I want to thank Chairman DeFazio and Ranking Member Duncan for holding this hearing today. As you know, I am passionate about improving the condition of our Nation's bridges, and, while we have seen some improvement in recent years, we still have much to accomplish.
After the September 2007 collapse of the I-35W highway bridge in Minneapolis, Minnesota, the Inspector General (IG), at the request of the Secretary of Transportation, conducted two evaluations of the Federal Highway Administration's (FHWA) management of bridge safety and oversight of the Federal Highway Bridge Program (HBP).
Those evaluations, as well as a 2006 IG audit, collectively document deficiencies related to States' and FHWA's management and oversight of various aspects of the HBP. Furthermore, in 2008, a Government Accountability Office (GAO) investigation of the HBP concluded that the program requires clearer goals and performance measures.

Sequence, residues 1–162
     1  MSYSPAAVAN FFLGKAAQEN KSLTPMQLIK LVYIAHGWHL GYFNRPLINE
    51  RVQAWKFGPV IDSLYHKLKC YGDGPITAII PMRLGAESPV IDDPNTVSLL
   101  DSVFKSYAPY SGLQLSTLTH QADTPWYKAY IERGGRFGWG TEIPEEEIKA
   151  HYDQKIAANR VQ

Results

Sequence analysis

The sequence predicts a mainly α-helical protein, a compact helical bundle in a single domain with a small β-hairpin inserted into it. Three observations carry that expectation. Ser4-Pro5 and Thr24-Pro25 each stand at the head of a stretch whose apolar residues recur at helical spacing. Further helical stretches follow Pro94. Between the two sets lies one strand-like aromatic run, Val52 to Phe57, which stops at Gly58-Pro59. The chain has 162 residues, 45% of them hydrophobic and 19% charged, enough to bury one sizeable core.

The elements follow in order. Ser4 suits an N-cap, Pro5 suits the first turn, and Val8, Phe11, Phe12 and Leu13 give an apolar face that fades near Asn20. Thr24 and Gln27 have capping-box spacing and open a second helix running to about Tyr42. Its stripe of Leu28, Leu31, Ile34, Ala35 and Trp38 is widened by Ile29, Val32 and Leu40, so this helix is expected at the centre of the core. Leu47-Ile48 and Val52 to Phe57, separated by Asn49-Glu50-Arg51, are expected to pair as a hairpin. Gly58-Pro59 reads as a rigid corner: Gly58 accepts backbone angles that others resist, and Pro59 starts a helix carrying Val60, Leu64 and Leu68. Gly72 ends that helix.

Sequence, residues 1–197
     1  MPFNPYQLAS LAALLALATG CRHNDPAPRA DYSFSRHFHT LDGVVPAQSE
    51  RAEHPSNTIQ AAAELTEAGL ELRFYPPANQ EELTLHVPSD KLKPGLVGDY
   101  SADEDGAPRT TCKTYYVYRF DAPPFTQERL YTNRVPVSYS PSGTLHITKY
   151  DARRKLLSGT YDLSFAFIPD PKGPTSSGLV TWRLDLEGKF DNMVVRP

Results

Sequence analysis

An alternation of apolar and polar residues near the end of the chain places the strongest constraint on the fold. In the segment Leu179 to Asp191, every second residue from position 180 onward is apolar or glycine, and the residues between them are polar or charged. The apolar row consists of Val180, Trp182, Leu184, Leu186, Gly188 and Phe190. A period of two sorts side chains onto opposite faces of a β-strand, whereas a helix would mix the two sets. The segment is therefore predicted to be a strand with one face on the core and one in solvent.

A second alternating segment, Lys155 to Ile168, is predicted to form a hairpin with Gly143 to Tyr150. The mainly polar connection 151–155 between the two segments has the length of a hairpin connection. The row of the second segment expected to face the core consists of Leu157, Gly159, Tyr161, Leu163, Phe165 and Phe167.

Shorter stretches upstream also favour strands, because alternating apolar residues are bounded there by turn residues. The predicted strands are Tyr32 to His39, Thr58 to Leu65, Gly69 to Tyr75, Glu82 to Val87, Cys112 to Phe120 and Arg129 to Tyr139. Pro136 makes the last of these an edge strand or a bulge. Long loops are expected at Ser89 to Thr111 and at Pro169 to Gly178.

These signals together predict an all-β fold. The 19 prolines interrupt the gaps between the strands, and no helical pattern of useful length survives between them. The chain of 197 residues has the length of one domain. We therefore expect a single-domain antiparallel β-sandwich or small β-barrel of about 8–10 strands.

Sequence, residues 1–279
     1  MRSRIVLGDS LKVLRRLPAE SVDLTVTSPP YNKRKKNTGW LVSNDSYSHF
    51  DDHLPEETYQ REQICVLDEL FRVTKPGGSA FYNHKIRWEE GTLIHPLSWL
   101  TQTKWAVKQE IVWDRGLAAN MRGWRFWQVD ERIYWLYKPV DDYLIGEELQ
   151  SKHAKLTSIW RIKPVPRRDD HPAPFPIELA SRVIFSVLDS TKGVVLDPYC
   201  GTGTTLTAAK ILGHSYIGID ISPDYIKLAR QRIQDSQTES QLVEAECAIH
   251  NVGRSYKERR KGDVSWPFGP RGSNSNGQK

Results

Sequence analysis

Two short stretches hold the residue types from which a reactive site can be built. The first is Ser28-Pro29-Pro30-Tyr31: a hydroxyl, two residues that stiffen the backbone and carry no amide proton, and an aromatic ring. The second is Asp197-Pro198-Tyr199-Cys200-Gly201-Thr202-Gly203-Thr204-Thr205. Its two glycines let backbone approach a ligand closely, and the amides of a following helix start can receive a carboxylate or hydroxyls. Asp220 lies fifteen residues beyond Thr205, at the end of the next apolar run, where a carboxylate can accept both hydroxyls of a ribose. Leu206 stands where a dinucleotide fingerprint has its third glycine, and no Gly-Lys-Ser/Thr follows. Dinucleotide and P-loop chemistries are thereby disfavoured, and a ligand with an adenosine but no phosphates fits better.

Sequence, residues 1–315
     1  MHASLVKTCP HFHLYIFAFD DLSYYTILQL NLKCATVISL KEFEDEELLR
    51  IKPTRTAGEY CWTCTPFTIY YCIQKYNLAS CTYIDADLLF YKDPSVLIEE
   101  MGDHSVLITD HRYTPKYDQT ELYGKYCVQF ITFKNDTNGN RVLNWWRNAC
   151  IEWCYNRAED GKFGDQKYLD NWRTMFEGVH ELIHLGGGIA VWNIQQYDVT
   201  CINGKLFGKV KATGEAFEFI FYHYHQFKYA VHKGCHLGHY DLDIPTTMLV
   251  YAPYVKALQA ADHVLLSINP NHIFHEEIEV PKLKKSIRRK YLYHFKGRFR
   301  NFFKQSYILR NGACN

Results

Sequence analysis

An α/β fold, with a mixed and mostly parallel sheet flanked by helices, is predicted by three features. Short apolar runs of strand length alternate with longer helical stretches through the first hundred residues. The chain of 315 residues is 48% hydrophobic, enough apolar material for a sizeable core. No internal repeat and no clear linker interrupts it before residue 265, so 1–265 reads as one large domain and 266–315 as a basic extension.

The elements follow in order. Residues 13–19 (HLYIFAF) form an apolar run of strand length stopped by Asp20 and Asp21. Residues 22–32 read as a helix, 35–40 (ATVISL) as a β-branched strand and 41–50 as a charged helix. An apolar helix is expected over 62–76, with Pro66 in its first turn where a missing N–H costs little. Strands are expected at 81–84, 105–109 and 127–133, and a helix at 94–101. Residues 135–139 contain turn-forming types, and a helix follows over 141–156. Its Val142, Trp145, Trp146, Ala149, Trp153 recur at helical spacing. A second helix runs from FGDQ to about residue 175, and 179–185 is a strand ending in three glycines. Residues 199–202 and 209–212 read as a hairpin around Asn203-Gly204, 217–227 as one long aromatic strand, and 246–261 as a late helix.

The purpose of today's hearing is to examine the issues raised by the IG and GAO reports, and to discuss the steps that can be taken to reinvigorate FHWA's oversight of the Federal bridge program and State bridge inspections.
Of the 603,245 bridges in the National Bridge Inventory (NBI), 149,647 bridges (24.8 percent)----nearly one in four----are structurally deficient or functionally obsolete.
The National Highway System, which carries approximately 71 percent of average daily bridge traffic in the United States, currently has 5,977 structurally deficient bridges and 117,302 functionally obsolete bridges.
From 1998 through 2007 the Federal-aid highway program provided over $45 billion in HBP funding. Yet, over that ten year period the proportion of the Nation's total bridge deck area that was deficient declined only slightly, from 32.6 percent to 30.1 percent.
And we continue to face a tremendous and growing bridge backlog: according to the U.S. Department of Transportation (DOT), more than $98 billion could be invested immediately in a cost-beneficial way to replace or otherwise address existing bridge deficiencies.